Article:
Custom User Interface Elements
Server developers design accessible objects based on an application's UI. Because Active Accessibility implements the IAccessible interface on behalf of system-provided user interface elements such as list boxes, menus, and trackbar controls, you need to implement the IAccessible interface only for the following kinds of custom UI elements:
- Custom controls created by registering an application-defined window class
- Custom controls drawn directly on the screen that do not have an associated HWND
- Custom controls such as Microsoft ActiveX and Java controls
- Controls or objects in the application's client window that aren't already exposed
Owner-drawn controls and menus are accessible as long as you follow the guidelines discussed in Shortcuts for Exposing Custom User Interface Elements. If you follow these guidelines, then you do not need to implement the IAccessible interface for owner-drawn controls and menus.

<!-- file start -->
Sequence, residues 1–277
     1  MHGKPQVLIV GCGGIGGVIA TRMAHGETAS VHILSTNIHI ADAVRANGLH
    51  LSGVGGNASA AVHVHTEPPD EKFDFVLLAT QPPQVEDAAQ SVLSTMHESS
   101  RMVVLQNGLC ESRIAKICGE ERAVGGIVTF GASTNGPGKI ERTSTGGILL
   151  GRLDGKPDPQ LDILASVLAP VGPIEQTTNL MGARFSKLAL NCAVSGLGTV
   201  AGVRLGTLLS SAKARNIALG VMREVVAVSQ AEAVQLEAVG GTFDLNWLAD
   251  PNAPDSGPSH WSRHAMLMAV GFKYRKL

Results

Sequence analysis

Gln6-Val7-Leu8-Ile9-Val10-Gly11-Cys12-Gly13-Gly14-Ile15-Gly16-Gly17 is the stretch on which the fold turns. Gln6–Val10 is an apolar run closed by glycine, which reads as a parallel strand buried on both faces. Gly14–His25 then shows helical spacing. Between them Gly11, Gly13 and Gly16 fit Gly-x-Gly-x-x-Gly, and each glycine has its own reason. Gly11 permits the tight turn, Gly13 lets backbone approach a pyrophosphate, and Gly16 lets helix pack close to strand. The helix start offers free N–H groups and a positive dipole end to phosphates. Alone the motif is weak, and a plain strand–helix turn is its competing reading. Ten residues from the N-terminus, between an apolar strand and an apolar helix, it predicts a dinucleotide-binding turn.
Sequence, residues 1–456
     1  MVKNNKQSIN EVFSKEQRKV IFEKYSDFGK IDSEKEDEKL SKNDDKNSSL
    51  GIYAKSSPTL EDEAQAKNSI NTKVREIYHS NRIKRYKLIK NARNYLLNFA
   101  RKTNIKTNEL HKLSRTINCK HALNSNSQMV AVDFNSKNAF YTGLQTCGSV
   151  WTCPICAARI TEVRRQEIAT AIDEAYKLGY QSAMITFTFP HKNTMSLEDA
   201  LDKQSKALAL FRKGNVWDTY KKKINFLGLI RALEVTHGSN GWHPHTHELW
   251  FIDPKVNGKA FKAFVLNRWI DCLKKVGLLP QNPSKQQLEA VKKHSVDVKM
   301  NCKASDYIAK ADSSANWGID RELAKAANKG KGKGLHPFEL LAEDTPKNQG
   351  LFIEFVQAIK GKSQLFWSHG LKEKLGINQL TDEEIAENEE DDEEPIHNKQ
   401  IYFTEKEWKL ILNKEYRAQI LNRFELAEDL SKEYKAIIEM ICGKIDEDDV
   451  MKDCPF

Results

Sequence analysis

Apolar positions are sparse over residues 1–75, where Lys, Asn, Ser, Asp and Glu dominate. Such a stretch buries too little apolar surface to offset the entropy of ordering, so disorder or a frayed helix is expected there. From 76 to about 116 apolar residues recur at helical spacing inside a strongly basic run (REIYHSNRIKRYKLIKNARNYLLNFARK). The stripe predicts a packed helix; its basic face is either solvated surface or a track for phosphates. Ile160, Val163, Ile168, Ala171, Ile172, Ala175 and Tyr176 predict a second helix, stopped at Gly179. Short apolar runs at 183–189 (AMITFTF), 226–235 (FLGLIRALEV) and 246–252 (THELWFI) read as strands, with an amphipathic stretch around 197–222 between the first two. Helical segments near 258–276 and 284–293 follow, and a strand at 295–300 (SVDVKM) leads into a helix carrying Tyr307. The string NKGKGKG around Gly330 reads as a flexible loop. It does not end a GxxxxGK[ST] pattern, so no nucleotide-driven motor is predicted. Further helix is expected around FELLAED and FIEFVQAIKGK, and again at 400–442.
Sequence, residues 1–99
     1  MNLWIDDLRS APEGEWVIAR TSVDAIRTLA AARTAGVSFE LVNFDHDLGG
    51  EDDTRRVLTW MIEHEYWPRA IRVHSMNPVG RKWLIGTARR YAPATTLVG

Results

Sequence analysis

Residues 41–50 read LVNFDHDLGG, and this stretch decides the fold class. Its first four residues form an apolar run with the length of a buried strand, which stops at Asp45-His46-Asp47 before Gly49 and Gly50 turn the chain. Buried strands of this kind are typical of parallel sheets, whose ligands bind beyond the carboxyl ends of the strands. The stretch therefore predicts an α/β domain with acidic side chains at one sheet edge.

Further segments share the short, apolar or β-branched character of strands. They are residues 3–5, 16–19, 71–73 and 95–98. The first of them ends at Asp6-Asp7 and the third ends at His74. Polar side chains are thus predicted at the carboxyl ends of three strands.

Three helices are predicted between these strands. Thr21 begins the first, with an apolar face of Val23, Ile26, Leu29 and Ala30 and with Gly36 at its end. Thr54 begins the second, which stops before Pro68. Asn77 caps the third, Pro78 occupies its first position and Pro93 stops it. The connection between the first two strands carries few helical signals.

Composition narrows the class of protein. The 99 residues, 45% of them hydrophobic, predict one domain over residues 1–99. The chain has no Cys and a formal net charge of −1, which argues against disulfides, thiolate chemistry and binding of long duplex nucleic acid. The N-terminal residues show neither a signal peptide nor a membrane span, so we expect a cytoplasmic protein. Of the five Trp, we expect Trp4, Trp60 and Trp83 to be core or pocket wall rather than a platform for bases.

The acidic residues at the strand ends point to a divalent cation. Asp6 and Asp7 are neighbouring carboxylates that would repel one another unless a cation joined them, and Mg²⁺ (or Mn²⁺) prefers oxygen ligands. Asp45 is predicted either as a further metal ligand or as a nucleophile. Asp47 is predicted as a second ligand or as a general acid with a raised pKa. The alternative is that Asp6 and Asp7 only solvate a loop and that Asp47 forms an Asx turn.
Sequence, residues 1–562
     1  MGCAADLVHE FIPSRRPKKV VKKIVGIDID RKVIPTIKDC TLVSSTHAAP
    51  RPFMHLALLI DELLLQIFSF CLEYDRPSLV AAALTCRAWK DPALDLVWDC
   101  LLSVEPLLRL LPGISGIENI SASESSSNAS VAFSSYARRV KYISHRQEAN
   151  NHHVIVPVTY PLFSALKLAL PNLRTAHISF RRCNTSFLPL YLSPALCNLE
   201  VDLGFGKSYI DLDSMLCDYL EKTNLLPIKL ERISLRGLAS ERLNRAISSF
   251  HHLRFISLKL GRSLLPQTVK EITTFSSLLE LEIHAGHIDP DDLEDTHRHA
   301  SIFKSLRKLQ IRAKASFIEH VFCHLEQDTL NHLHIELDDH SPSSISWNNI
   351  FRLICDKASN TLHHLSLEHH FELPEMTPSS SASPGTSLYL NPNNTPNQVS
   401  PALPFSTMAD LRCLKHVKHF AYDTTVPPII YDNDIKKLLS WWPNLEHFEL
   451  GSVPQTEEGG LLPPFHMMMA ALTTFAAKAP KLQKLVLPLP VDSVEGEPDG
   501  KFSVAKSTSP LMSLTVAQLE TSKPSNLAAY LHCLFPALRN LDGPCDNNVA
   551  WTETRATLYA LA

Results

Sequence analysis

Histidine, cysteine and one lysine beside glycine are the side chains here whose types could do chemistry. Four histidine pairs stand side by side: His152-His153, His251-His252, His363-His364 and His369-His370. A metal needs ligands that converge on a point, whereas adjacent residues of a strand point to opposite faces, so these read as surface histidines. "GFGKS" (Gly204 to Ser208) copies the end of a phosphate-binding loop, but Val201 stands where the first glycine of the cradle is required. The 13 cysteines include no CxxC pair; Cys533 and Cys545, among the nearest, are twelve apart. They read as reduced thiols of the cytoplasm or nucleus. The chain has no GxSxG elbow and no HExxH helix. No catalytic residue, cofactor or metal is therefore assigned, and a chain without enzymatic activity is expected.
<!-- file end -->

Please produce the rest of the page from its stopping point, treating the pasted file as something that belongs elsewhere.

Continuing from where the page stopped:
In most cases, superclassed and subclassed controls are accessible because the system handles the basic functionality of the control. However, if a superclassed or subclassed control significantly modifies the behavior of the system-provided control on which it is based, then you must implement the IAccessible interface. For more information, see Exposing Controls Based on System Controls.
If an application uses only system-provided user interface elements, then it does not need to implement IAccessible, except for its client window. For example, an application that includes a text editor, not implemented using an edit control, exposes lines of text as accessible objects. Note that Microsoft Active Accessibility automatically exposes the text in edit and rich edit controls as a single string of text in the Value property of the control.